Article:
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Publication Date

Spring 2010

Degree Type

Thesis - Campus Access Only

Degree Name

Master of Arts (MA)


English and Comparative Literature


Noelle Brada-Williams


David Masumoto, David Mura, Japanese American Literature, Japanese Internment Camps, Julie Otsuka, Sansei Literature

Subject Areas

Literature, Comparative


After President Roosevelt signed Executive Order 9066 in 1942, 110,000 to 120,000 men, women, and children of Japanese decent were moved into Internment Camps. Of these internees, roughly 62% were citizens of the United States of America.

Because the Sansei (third generation, Japanese Americans) largely did not experience the Internment Camps, Sansei writers have a different perspective from Issei and Nisei writers. Sansei writers have a unique emotional and aesthetic distance that creates a type of literature specifically different from Issei and Nisei literature. The Sansei may not have experienced the Internment Camps, but this generation is still active in artistically preserving this event.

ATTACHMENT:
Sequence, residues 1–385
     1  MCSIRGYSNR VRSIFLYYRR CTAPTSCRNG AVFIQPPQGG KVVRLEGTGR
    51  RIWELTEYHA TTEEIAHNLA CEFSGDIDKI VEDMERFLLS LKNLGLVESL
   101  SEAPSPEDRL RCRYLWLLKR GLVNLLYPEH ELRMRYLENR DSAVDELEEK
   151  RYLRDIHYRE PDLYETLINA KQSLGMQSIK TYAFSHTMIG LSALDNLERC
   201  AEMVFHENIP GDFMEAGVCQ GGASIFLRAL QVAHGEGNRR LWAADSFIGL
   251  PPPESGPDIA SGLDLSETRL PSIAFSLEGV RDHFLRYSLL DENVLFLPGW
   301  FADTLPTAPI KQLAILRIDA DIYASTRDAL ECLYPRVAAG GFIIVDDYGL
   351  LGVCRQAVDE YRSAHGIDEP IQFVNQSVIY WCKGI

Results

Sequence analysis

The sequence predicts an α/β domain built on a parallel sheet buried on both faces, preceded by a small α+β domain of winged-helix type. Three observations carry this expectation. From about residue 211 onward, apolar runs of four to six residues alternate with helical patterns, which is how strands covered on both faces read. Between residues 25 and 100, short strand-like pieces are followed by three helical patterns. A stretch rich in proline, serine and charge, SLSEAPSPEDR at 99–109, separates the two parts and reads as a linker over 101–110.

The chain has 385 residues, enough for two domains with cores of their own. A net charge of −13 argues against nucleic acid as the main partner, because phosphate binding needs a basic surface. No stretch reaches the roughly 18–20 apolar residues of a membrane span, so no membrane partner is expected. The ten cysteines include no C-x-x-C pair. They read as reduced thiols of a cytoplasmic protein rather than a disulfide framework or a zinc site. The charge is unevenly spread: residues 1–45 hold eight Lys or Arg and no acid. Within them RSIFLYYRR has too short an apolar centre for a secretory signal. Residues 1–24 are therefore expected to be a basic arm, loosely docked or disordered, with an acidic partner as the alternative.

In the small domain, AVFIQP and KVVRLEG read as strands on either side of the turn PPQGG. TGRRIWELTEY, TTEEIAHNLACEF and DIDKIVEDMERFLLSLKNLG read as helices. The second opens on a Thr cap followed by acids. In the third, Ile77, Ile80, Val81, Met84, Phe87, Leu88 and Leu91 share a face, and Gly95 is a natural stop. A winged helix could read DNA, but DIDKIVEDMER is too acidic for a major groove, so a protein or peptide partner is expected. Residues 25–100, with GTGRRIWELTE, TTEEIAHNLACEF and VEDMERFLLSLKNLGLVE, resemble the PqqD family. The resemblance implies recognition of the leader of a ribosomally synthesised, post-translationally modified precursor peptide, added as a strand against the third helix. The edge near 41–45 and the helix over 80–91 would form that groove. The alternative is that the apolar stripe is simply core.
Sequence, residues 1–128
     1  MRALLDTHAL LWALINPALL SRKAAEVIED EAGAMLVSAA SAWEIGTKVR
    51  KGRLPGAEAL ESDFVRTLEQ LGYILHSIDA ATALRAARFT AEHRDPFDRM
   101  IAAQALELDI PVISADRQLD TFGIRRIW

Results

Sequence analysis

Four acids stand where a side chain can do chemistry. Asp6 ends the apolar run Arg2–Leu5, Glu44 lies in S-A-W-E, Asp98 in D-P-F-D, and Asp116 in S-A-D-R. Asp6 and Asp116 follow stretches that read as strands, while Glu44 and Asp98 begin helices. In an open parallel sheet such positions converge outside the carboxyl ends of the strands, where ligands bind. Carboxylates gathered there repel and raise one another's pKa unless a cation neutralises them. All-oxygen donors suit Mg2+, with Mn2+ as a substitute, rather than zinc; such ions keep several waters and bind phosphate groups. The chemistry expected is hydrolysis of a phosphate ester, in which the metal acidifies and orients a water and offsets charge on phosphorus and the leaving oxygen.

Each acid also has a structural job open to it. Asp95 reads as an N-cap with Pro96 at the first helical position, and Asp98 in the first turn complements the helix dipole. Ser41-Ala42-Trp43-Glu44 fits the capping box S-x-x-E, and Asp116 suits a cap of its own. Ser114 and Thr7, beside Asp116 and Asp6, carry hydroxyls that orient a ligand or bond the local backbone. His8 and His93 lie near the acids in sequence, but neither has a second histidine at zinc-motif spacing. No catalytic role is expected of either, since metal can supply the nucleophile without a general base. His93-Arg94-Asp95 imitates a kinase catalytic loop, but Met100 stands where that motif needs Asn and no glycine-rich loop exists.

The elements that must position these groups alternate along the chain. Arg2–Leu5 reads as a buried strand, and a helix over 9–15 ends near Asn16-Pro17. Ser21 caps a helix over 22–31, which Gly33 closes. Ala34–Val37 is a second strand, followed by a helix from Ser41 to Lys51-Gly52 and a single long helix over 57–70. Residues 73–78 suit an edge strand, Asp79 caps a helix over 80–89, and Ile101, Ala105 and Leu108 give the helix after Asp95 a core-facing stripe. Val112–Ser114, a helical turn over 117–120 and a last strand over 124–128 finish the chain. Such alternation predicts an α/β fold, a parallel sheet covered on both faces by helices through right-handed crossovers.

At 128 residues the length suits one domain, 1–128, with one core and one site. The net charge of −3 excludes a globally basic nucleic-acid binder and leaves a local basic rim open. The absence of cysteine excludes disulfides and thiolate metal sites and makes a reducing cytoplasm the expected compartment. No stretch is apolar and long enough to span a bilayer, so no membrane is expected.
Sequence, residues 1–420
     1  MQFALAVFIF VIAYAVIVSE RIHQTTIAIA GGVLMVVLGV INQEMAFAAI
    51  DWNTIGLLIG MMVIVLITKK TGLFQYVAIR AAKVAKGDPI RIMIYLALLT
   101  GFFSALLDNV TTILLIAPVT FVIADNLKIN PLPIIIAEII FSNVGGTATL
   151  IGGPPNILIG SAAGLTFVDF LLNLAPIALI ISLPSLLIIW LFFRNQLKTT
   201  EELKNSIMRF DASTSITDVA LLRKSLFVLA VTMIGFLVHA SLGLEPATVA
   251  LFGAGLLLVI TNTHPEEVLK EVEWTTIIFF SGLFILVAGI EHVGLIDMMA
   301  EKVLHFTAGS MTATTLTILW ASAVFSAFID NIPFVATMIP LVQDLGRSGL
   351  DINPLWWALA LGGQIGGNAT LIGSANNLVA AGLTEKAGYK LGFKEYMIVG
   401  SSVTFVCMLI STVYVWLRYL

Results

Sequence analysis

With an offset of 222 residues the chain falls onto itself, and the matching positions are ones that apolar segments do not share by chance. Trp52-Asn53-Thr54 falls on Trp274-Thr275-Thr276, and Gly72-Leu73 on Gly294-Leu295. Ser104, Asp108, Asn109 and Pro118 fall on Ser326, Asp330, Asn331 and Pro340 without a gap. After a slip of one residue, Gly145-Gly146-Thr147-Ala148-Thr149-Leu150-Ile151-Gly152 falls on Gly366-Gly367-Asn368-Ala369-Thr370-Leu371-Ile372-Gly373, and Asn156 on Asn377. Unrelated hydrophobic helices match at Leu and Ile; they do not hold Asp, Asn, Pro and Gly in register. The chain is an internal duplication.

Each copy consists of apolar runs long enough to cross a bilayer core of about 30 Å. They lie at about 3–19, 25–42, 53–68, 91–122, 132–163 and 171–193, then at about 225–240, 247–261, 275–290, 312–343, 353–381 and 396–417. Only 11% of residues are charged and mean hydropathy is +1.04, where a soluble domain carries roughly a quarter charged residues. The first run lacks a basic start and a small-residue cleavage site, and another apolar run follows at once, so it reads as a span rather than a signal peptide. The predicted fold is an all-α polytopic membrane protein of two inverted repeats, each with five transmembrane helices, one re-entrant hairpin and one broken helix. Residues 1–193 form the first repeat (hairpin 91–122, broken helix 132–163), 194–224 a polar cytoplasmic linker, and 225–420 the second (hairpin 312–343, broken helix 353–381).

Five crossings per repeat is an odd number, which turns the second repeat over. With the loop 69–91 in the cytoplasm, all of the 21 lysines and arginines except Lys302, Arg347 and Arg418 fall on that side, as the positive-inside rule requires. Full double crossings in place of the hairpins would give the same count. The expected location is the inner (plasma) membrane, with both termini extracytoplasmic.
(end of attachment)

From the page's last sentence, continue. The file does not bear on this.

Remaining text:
The Japanese Internment Camps of World War II is arguably the most important historical event that shaped Japanese-American ethnic and cultural identity. Removed from the event itself, much of Sansei literature explores how the Internment Camps relate to and affect the Sansei generation. Because of this tension, the Sansei feel obligated to retell the experiences of the Internment and/or acknowledge the role of the Internment as it shapes the Sansei a generation later. I call this Sansei obligation to the Internment Camps, "guilt from secondary victimization." This thesis explores this psychological issue as a main factor that motivates Sansei writers to react to and express their feelings regarding the Internment Camp experience.